Hell, it is said, hath no fury like a woman scorned, but that statement has a corollary that bears repeating: Movies about scorned women are really cool.
Why, then, one wonders, does "The Crucible" lose interest in its second half with Winona Ryder's crazed and evil yet astute Abigail Williams, who is driving it ahead like an evangelical in full froth? The story at the halfway point exiles her to its environs, and seldom again do we feel the lash of her dementia, the whip of her wit, the focus of her anger and crucifying will.
Instead, we shift to that most boring of subjects, the pain and anguish of her victims. We hear them scream, but we remain curiously unmoved, for the law of cinema is different from the law of morality, which is the law of cinema's primary pleasure: The movies favor the active over the passive, the strong over the weak, the nasty over the nice.
The nice, in this case, is Daniel Day-Lewis as John Proctor, a lean and sinewy farmer who has set the whole blessed witch thing in motion by dallying carnally with Abigail and then, sick with Puritan guilt and eager to please his angered wife, exiling her from his household. You could argue -- though Arthur Miller, who adapted his own play for this second screen version, doesn't -- that he deserves what he gets, for there are always consequences; too bad so many other folks had to swing in the process.
Anyway, hysterical with rejection, Abigail uses her considerable wiles to gin the town teen girls into some kind of devil worship ceremony by which she hopes to celebrate her lust and regain Proctor's favor; but the ceremony is witnessed, two of the others go into hysterical paralysis and hard questions are asked. In explaining it, she tumbles to her own ability to whip up a witch scare in downtown Salem, and soon enough the innocent are dangling from gallows, and the men with the rope are closing in on Proctor and his wife.
Famously, Miller's 1692 Salem-set parable is known as a symbolic denunciation of the McCarthy Witch Hunts of the 1950s, where nasty boys from the House, Senate and FBI went hellhound-hot on the tail of various pinkos, commies and fellow travs, who should have been shunned on the grounds of bad taste in dictators but perhaps not ruined for treason. Most of them lacked the guts for treason, anyway. But as a parable, this version of "The Crucible" is entirely too realistic to suggest wider connotations: It's set in a hardscrabble 17th-century village where everybody is filthy and flea-bitten, the streets are a gruel of mud and dung, and the off-sea breezes bitter and killing.
The physical production of the film is so authentic and compelling, you can't get beyond it, not for a second. In some way, it's not generic enough to suggest other meanings. It seems merely to be about the evils of teen-age hormones.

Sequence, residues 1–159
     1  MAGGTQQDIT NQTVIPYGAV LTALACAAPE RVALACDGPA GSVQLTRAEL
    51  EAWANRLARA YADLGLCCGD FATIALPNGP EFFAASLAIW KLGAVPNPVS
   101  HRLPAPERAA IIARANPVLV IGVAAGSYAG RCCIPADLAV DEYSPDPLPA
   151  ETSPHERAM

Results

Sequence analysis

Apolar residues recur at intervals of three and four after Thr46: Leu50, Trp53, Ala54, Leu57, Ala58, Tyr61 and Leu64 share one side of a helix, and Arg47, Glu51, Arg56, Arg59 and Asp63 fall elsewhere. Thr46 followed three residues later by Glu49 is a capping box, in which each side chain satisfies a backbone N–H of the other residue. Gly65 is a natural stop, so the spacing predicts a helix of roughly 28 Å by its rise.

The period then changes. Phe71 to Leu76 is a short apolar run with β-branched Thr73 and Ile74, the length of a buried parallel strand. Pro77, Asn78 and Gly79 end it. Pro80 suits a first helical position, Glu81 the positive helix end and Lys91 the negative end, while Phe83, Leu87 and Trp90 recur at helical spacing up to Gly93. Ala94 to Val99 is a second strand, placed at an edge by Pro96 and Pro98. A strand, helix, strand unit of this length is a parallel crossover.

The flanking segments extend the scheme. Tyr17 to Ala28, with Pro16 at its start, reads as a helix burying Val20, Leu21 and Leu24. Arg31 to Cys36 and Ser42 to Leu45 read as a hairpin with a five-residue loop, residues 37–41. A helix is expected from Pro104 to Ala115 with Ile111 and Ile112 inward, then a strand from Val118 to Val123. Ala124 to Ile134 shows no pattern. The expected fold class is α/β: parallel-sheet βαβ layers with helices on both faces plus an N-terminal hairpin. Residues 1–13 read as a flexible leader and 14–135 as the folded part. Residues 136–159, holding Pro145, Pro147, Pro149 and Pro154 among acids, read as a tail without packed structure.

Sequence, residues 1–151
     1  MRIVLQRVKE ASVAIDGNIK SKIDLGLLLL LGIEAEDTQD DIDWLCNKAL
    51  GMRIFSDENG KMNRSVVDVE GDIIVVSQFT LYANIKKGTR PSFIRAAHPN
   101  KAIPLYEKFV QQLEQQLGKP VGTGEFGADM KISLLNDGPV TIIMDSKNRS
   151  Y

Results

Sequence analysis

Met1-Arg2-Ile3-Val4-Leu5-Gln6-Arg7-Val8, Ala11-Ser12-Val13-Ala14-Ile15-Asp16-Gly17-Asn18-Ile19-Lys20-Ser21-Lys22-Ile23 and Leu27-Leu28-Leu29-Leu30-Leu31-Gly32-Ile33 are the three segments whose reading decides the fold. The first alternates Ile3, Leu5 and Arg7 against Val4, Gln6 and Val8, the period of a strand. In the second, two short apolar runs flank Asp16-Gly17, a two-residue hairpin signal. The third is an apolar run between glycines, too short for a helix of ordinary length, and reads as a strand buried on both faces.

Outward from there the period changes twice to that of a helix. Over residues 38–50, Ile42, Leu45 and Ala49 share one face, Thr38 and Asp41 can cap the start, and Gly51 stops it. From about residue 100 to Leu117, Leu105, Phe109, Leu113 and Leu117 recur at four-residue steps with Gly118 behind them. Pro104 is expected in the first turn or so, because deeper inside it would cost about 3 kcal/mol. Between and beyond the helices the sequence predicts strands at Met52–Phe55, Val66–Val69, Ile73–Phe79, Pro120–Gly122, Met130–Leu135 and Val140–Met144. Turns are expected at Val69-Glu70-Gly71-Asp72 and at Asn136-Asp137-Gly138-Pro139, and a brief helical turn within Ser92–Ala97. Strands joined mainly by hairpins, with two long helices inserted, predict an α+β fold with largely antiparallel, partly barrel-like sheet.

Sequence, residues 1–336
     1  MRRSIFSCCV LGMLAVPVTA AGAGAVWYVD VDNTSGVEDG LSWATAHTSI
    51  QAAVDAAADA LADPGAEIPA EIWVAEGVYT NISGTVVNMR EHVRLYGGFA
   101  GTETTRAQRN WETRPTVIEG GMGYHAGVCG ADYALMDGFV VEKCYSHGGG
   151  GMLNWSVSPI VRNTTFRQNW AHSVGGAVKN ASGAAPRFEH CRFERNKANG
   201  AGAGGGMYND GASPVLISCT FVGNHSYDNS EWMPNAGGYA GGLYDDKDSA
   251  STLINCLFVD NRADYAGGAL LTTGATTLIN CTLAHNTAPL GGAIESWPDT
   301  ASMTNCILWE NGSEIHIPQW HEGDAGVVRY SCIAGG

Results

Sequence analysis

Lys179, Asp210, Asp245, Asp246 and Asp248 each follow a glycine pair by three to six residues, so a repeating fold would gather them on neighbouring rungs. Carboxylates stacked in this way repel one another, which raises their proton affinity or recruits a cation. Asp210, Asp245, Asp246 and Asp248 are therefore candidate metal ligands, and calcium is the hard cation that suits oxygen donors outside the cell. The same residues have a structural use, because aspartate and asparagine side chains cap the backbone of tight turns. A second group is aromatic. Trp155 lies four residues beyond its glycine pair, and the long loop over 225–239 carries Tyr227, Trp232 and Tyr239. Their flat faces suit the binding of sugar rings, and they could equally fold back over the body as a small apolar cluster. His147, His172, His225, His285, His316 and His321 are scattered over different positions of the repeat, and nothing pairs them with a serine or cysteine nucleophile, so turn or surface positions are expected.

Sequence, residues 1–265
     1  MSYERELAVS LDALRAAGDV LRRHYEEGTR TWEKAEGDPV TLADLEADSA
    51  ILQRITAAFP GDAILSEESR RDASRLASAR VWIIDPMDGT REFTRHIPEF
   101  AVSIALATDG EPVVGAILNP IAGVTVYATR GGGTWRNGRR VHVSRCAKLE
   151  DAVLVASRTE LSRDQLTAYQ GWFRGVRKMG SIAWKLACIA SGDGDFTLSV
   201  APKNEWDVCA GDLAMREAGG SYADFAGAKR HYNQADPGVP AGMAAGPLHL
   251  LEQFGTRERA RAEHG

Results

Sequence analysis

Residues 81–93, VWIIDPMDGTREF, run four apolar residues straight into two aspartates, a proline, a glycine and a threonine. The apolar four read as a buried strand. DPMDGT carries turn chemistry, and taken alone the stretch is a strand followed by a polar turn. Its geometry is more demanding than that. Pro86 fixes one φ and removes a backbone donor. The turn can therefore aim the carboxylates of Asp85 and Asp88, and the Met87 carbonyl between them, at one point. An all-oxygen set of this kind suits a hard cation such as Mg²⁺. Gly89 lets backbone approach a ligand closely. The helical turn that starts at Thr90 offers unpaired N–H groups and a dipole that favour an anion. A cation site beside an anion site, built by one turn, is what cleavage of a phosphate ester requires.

Miller, as I say, has adapted his own play, and flintlock-age specialist Nicholas Hyntner ("The Madness of King George") has directed it on an uninhabited Massachusetts island, which explains the feeling of utter reality the piece has and which, after Ryder's absolutism, is the movie's best feature. A notable surviving feature from the era in which the play was written is Miller's cynicism about human nature and the political process. No motive is pure, no stalwart is effective, only momentum counts.
Paul Scofield has a chilling turn as a magistrate brought down from Boston to get to the bottom of all this, and while he doesn't believe in witches, he believes in the blackness-whiteness of his own court, and he believes he's restoring public order. Bruce Davison is equally culpable as a leader of the witch-hunting faction who is trying desperately to hang on to his profitable position as the town's minister. Then there's Rob Campbell as an ineffective liberal who tries to mount a defense for the accused but is quickly reduced to futile barking. It's truly a scoundrel time.
Day-Lewis's Proctor is simply too noble to be believed -- he's a '50s conceit that nobody has bothered to update, and his refusal to accept responsibility for Abigail's actions until too late rings hollow and annoying.
If you want to play the game of parable, you could argue that he inadvertently represents what Miller himself would not face -- the American left's bumbling complicity in Soviet espionage activities over a long period that made the crudities of the '50s inevitable. Proctor's dalliance made the hangings inevitable; there are consequences to everything, even if the playwright hasn't the guts to face them.
Starring Winona Ryder and Daniel Day-Lewis
Directed by Nicholas Hyntner
Released by 20th Century Fox
Rated PG-13 (adult themes)
Sun score: ** 1/2
Pub Date: 12/20/96